Archive | August, 2013

How SJCOG will transform growth and development in Stockton

Over the past year, I have written at length about how Stockton should grow in the future and how smart growth policies can bring stability and vitality to our region. All the while, there has been a plan in the works that will greatly affect what our cities will look like for decades to come. […]

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Wednesday notes: Help shape San Joaquin’s future, the Hyperloop hype, and SCL on Podcast Stockton

Today’s installment of News and Notes discusses the San Joaquin Council of Government’s (SJCOG) Sustainable Communities Strategy, the Hyperloop, and SCL’s appearance on Podcast Stockton! Help decide how the Central Valley should grow

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Weber Avenue Beautification Project to be completed

Last week, The Record reported that the city has secured funds to complete a streetscape project along Downtown’s Weber Avenue. As you’ve probably noticed, East Weber Avenue is currently only enhanced up to Stanislaus street. After this block, the pedestrian experience becomes rather uninviting. However, newly procured Transportation Enhancement grant money will allow the city […]

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The math behind Fresno’s smart growth plan

Over the past two months, John Beckman of the Building Industry Association of the Greater Valley and I have engaged in a debate via Mike Fitzgerald’s blog on the merits of varying growth patterns as they pertain to the Central Valley. It’s been a spirited discussion, to say the least. Today I present to you […]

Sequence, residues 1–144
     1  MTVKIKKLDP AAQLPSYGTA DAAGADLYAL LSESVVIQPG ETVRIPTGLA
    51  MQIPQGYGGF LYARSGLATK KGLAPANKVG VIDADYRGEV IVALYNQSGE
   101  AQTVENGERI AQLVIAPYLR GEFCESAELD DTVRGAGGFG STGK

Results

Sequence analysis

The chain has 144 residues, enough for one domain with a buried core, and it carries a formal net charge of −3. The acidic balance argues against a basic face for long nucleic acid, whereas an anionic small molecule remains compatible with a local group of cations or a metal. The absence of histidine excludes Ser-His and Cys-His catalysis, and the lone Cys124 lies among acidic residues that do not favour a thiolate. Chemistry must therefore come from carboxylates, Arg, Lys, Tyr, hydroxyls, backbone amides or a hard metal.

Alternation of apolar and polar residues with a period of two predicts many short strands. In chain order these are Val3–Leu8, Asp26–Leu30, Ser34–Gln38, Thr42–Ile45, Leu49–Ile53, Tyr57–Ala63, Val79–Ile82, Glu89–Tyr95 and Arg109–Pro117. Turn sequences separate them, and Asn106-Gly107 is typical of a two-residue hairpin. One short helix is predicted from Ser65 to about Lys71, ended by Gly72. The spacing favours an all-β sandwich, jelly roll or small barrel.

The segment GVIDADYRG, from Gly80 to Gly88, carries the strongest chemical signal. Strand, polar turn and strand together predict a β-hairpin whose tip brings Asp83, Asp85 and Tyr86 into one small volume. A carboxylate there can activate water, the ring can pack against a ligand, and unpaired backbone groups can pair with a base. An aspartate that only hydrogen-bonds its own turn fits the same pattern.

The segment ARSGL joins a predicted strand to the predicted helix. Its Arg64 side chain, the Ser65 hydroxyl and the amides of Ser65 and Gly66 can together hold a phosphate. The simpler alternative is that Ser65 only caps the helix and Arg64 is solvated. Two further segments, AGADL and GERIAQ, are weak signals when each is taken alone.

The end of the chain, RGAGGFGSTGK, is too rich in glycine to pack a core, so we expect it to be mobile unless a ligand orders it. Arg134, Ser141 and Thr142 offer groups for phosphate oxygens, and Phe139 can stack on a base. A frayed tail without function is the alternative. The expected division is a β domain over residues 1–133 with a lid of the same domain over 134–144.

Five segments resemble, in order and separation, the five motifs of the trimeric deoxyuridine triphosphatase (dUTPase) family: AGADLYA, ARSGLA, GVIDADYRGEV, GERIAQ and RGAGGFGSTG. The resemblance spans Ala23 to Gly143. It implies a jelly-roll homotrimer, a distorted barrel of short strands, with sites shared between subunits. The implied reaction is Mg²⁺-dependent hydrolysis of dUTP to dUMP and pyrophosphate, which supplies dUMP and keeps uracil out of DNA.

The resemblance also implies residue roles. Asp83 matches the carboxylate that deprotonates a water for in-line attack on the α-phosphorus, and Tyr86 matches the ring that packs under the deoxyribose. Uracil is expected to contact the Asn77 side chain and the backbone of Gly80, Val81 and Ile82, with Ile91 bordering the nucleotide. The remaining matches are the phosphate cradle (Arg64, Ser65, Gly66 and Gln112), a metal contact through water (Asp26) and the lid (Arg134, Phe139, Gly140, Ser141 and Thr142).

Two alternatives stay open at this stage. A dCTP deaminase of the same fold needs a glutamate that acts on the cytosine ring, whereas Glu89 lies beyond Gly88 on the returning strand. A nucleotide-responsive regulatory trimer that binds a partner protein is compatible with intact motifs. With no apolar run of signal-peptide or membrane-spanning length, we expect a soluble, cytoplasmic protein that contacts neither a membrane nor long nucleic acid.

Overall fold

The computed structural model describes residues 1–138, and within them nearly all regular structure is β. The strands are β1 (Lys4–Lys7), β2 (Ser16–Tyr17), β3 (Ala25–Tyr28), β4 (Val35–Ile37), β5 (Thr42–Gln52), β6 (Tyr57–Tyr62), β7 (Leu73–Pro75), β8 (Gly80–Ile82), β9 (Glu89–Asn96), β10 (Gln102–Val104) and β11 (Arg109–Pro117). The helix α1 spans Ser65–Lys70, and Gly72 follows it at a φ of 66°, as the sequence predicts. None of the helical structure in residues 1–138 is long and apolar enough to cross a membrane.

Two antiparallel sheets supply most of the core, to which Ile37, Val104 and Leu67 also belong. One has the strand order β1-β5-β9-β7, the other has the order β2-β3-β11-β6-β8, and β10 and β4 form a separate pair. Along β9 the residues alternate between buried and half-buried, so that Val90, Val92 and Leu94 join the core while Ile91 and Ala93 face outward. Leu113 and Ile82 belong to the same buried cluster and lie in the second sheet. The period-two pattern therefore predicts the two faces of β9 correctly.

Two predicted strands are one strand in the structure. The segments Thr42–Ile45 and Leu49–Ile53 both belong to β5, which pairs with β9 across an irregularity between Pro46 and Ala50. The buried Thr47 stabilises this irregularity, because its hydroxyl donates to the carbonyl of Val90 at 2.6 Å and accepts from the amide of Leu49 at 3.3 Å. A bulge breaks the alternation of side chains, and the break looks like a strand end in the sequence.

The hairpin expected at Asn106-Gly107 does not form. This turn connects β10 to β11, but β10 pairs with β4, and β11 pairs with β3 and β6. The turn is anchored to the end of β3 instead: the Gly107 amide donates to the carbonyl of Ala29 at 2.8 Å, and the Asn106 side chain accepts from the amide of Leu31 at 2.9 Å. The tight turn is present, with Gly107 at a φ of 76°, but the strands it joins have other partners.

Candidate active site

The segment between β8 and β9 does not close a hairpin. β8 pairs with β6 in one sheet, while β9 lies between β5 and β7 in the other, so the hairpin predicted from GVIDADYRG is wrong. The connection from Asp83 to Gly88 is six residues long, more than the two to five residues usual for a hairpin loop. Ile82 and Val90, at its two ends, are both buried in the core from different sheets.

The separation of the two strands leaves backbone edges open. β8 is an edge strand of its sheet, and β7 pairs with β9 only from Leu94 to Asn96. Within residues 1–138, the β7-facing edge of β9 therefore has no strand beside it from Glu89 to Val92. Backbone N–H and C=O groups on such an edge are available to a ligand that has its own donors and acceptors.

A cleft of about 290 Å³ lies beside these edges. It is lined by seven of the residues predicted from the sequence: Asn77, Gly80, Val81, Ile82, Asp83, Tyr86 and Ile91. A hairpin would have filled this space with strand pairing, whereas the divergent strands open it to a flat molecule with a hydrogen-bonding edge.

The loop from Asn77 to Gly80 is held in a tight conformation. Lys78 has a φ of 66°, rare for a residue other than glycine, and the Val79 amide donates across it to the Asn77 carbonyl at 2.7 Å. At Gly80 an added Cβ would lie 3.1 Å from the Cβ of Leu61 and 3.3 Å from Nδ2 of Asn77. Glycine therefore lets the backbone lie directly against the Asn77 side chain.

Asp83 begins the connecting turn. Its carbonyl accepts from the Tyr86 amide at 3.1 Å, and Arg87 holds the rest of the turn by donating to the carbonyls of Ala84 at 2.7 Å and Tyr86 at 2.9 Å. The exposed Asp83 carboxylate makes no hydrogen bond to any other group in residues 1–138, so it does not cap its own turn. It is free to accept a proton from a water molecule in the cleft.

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What does Stockton want? Walkable housing! How much of it do we want? Enough to satisfy market demand!

Last week, The Record’s Alex Breitler brought up a very important question on his blog. While participating in an SJCOG survey on the future of growth in the region (which you can access here), Breitler noticed that while a strong majority of participants felt that new development should be built “within existing cities,” an equally […]

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Stockton is not Detroit, for better or worse

Earlier this month, Detroit filed for bankruptcy, knocking Stockton from its perch as the most populous city to have ever gone broke. Suffering from $18 billion in debt, bankruptcy was pretty much inevitable. Since the news broke, the media has been unable to resist the comparisons between Mo Town and Stock Town. However, while the […]

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